HSP70 induces liver X receptor pathway activation and cholesterol reduction in vitro and in vivo

Burcin Gungor, Lauri Vanharanta, Maarit Hölttä-Vuori, Juho Pirhonen, Nikolaj H.T. Petersen, Silvia Gramolelli, Päivi M. Ojala, Thomas Kirkegaard, Elina Ikonen

Heat shock protein 70 (HSP70) is a chaperone that facilitates protein folding and transport, with essential roles in maintaining cell homeostasis and survival. In addition to its chaperone function in proteostasis, HSP70 can act as a signaling molecule. Gungor, Vanharanta, et al. studied the effects of rHSP70 on human primary monocyte-derived macrophage foam cells that accumulate cholesterol, which leads to artherosclerosis. They found that HSP70 exerts atheroprotective effects and that this can be mechanistically explained by HSP70 mediated stimulation of the liver X receptor, the master regulator of cholesterol removal.

Objective: Heat Shock Proteins (HSPs) maintain cellular homeostasis under stress. HSP70 represents a major stress-inducible family member and has been identified as a druggable target in inherited cholesterol-sphingolipid storage diseases. We investigated if HSP70 modulates cholesterol accumulation in more common conditions related to atherogenesis.

Methods: We studied the effects of recombinant HSP70 in cholesterol-laden primary macrophages from human blood donors and pharmacological HSP70 upregulation in high-cholesterol diet fed zebrafish.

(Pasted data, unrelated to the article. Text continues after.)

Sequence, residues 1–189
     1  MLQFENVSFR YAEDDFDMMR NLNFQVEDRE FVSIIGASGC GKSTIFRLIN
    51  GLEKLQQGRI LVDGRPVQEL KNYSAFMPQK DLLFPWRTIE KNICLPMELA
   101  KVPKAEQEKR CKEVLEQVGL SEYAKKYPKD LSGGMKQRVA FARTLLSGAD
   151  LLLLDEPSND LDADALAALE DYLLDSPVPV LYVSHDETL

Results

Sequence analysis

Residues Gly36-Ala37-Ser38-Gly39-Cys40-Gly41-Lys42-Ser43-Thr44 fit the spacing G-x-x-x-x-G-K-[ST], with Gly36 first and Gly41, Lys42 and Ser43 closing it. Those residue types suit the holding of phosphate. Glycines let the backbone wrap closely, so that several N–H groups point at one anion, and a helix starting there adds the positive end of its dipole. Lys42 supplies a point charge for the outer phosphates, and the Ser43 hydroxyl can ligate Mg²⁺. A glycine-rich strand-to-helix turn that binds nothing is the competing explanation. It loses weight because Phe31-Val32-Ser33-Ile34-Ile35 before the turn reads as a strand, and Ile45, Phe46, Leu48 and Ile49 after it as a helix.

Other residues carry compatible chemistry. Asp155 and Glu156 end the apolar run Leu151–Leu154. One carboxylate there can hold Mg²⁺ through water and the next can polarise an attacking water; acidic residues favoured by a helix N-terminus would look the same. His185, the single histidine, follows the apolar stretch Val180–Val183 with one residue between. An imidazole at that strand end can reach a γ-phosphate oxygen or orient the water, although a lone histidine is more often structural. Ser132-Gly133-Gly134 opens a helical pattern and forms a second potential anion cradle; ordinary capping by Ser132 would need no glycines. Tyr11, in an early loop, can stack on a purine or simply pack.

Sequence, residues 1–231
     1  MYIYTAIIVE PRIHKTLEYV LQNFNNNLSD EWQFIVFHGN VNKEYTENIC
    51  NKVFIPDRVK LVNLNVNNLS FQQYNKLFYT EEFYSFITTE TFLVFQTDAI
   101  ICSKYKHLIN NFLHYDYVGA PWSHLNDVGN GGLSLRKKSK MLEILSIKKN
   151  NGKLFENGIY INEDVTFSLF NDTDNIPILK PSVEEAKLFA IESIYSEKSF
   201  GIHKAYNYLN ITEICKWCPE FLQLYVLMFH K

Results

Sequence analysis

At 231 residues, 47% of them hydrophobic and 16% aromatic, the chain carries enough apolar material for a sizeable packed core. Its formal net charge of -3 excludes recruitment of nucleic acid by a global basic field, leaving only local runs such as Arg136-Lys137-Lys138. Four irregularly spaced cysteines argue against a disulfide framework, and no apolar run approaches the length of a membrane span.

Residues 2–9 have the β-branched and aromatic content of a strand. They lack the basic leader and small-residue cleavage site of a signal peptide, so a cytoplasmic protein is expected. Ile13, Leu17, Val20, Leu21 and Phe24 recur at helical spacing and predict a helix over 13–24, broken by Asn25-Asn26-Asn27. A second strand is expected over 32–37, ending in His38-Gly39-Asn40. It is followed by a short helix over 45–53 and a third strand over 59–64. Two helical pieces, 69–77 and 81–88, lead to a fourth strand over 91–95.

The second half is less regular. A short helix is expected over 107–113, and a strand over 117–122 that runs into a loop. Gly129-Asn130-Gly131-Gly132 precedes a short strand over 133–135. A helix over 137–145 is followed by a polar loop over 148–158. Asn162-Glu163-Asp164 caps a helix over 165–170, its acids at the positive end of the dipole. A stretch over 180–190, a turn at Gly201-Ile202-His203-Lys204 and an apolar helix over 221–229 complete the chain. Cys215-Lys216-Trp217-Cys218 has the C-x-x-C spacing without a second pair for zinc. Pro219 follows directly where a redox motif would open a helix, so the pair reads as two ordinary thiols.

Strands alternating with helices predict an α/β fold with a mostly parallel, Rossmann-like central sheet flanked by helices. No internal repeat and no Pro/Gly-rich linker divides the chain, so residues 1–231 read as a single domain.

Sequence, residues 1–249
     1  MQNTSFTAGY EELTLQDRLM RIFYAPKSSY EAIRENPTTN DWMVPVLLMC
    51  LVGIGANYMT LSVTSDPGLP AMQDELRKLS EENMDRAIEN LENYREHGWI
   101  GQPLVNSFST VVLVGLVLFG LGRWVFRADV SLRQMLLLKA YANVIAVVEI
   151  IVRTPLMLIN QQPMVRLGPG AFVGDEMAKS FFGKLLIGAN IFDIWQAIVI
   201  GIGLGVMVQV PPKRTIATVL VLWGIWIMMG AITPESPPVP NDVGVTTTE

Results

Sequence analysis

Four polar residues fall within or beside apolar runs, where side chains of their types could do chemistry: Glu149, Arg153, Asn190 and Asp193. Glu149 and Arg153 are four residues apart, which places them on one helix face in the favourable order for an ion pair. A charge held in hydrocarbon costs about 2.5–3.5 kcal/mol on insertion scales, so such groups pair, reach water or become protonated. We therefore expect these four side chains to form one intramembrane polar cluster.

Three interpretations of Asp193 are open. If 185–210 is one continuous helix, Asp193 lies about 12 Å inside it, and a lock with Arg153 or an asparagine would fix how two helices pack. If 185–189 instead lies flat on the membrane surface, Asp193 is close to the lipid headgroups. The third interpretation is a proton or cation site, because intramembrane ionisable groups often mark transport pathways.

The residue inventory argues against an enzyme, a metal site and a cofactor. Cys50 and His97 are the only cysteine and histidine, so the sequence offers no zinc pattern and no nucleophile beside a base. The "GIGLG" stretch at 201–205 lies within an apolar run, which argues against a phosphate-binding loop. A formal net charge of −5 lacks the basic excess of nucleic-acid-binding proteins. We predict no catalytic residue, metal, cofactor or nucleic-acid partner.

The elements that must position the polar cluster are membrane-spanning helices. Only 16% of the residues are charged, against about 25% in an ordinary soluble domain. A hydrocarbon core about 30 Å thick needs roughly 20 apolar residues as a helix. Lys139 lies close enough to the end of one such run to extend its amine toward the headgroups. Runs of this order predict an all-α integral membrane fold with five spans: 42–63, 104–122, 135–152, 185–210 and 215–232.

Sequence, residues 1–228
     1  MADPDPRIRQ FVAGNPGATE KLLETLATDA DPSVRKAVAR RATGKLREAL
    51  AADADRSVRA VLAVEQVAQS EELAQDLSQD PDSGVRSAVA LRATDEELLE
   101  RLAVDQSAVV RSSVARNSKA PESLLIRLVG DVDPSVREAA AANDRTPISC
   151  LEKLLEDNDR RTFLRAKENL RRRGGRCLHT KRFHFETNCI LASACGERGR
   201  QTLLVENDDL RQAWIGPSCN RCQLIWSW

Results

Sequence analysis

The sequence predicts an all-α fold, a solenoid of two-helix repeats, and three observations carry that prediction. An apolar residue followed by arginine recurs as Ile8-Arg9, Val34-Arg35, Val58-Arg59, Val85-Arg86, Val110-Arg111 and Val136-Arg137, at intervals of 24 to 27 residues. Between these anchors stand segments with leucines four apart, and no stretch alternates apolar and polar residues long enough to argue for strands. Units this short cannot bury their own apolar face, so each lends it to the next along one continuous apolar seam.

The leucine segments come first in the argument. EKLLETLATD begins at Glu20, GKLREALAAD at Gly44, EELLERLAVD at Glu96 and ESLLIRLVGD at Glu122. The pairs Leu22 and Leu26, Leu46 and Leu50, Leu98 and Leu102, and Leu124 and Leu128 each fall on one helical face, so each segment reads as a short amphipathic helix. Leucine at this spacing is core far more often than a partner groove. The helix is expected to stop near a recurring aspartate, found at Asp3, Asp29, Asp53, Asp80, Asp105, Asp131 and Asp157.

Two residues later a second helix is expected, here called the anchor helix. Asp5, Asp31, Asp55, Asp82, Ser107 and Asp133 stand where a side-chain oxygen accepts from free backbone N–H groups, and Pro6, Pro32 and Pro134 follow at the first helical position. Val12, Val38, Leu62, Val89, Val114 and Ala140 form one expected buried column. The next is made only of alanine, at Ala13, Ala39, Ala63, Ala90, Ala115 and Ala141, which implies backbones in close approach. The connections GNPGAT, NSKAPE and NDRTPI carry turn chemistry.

Results: Recombinant HSP70 facilitated cholesterol removal from primary human macrophage foam cells. RNA sequencing revealed that HSP70 induced a robust transcriptional re-programming, including upregulation of key targets of liver X receptors (LXR), master regulators of whole-body cholesterol removal. Mechanistically, HSP70 interacted with the macrophage LXRalpha promoter, increased LXRalpha and its target mRNAs, and led to elevated levels of key proteins facilitating cholesterol efflux, including ATP-binding cassette transporters A1 and G1. Pharmacological augmentation of endogenous HSP70 in high-cholesterol diet fed zebrafish activated LXR and its target mRNAs and reduced cholesterol storage at the whole organism level.

Conclusions: These data demonstrate that HSP70 exerts a cholesterol lowering effect in primary human cells and animals and uncover a nuclear action of HSP70 in mediating cross-talk between HSP and LXR transcriptional regulation.